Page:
Hi all, I hope everyone is keeping well.
The main purpose of this topic was to try and glean some ideas for trips in the future, based on people's experiences or knowledge of this kind of thing.
I've been looking for some ideas for what I suppose you would call trekking peaks...? I would like some technicality, but may be limited by the little experience I have so far.
To give you an idea of what I'm after, I have been considering all of the Himalayan usuals such island, Mera and Lobuche. The only thing putting me off is the price tags, although I've just discovered tourradar.com which seems like it could provide cheaper alternatives using companies local to their area.
I was also considering Kang Yatse 2 and Dzo Jongo for quite some time.
The peaks don't have to be especially large, although I would love to do something 6000+ for the experience.
I have previously (kind of) done Kazbek - which I loved, despite the condition of the mountain hut - having to turn close to the summit to due to a sick team member.
I have heard a peak in nearby Russia called Gumachi is a good one, if anyone has experience of this?
Any suggestions or views you can share on what I have said would be very welcome 👍
All the best,
Does it have to be the Himalaya? Lots of good choices in the Cordillera Blanca, in Peru.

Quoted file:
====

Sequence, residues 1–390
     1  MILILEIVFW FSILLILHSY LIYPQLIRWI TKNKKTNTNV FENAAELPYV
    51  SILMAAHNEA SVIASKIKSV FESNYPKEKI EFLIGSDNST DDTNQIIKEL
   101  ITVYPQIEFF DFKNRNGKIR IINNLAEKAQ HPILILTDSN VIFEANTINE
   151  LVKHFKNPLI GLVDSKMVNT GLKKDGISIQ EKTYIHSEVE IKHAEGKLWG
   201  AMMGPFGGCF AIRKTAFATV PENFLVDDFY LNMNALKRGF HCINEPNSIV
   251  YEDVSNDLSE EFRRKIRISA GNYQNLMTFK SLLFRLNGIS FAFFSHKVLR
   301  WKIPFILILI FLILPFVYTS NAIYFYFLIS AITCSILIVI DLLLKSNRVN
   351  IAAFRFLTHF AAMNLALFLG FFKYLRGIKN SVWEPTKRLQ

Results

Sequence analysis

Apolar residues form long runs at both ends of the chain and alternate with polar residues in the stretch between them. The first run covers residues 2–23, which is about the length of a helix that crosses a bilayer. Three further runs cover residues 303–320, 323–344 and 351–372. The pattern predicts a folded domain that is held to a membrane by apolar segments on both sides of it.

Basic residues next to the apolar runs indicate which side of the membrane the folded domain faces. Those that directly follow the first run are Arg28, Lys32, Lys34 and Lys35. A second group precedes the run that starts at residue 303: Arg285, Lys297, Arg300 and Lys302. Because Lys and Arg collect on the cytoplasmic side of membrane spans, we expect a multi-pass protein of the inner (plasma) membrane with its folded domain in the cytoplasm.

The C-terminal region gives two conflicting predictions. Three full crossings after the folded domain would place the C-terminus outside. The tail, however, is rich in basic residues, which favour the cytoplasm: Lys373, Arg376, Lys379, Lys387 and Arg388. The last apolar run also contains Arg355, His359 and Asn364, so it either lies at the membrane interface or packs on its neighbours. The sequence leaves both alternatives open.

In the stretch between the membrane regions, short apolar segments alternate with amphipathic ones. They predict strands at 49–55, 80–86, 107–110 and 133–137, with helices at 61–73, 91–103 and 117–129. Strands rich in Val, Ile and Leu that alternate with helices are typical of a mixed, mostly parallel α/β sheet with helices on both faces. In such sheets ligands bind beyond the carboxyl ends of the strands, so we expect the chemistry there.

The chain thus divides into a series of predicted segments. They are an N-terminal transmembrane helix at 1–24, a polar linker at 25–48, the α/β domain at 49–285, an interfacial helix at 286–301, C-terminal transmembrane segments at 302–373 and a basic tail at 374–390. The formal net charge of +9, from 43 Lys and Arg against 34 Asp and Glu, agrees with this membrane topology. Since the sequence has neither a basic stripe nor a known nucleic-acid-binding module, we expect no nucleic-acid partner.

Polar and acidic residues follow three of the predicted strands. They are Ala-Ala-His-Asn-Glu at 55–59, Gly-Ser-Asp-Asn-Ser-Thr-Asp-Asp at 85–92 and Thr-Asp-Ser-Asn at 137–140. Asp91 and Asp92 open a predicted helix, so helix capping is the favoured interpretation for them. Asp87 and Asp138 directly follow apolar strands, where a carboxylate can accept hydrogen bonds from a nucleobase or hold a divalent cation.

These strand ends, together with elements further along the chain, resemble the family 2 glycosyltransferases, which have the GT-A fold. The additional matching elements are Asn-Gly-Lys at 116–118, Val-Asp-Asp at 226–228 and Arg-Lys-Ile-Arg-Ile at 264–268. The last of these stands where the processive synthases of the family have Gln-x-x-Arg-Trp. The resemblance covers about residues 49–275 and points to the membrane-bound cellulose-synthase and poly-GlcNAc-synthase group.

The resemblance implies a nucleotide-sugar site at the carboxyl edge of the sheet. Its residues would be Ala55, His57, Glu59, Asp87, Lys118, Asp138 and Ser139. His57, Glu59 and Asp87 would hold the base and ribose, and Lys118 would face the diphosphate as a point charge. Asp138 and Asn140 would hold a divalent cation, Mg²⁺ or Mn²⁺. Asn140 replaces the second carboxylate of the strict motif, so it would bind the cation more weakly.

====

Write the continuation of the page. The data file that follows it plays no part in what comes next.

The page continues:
Also some easy 4000m peaks in Mongolia.
Kang Yatse is a much nicer mountain than say Stok Kangri. I did both in 2012.
Having been up trekking peaks and a few technical peaks my observations would be.
Only from my experience, so do your own research to find out more if you are interested.
India Leh area, turn up mooch around the town go into the multiple number of trekking companies who have signs up saying trip going to x and y in a few days, 6 already booked space for more. Go trekking first, see if you the company and trek team are good, on return see if they can put a package of what you want to do together.
Nepal in the Thamel region you can do exactly the same.
Both of these options will require permits and additional peak fees, the tour operator will sort all these out, but these costs will be in addition to all the support staff, do not even consider carrying all your own kit then doing all your own cooking. You are not a sherpa, you will suffer, you will not get to the top, you may not go back.
When you see articles where the people are doing this, that is because the are beasts who have been doing it for years and years. When you have multiple big expeditions under your belt you can think of doing all the carry and cooking for yourself. The 2 seconds for you to think of this before deciding it is better to get help will be well spent.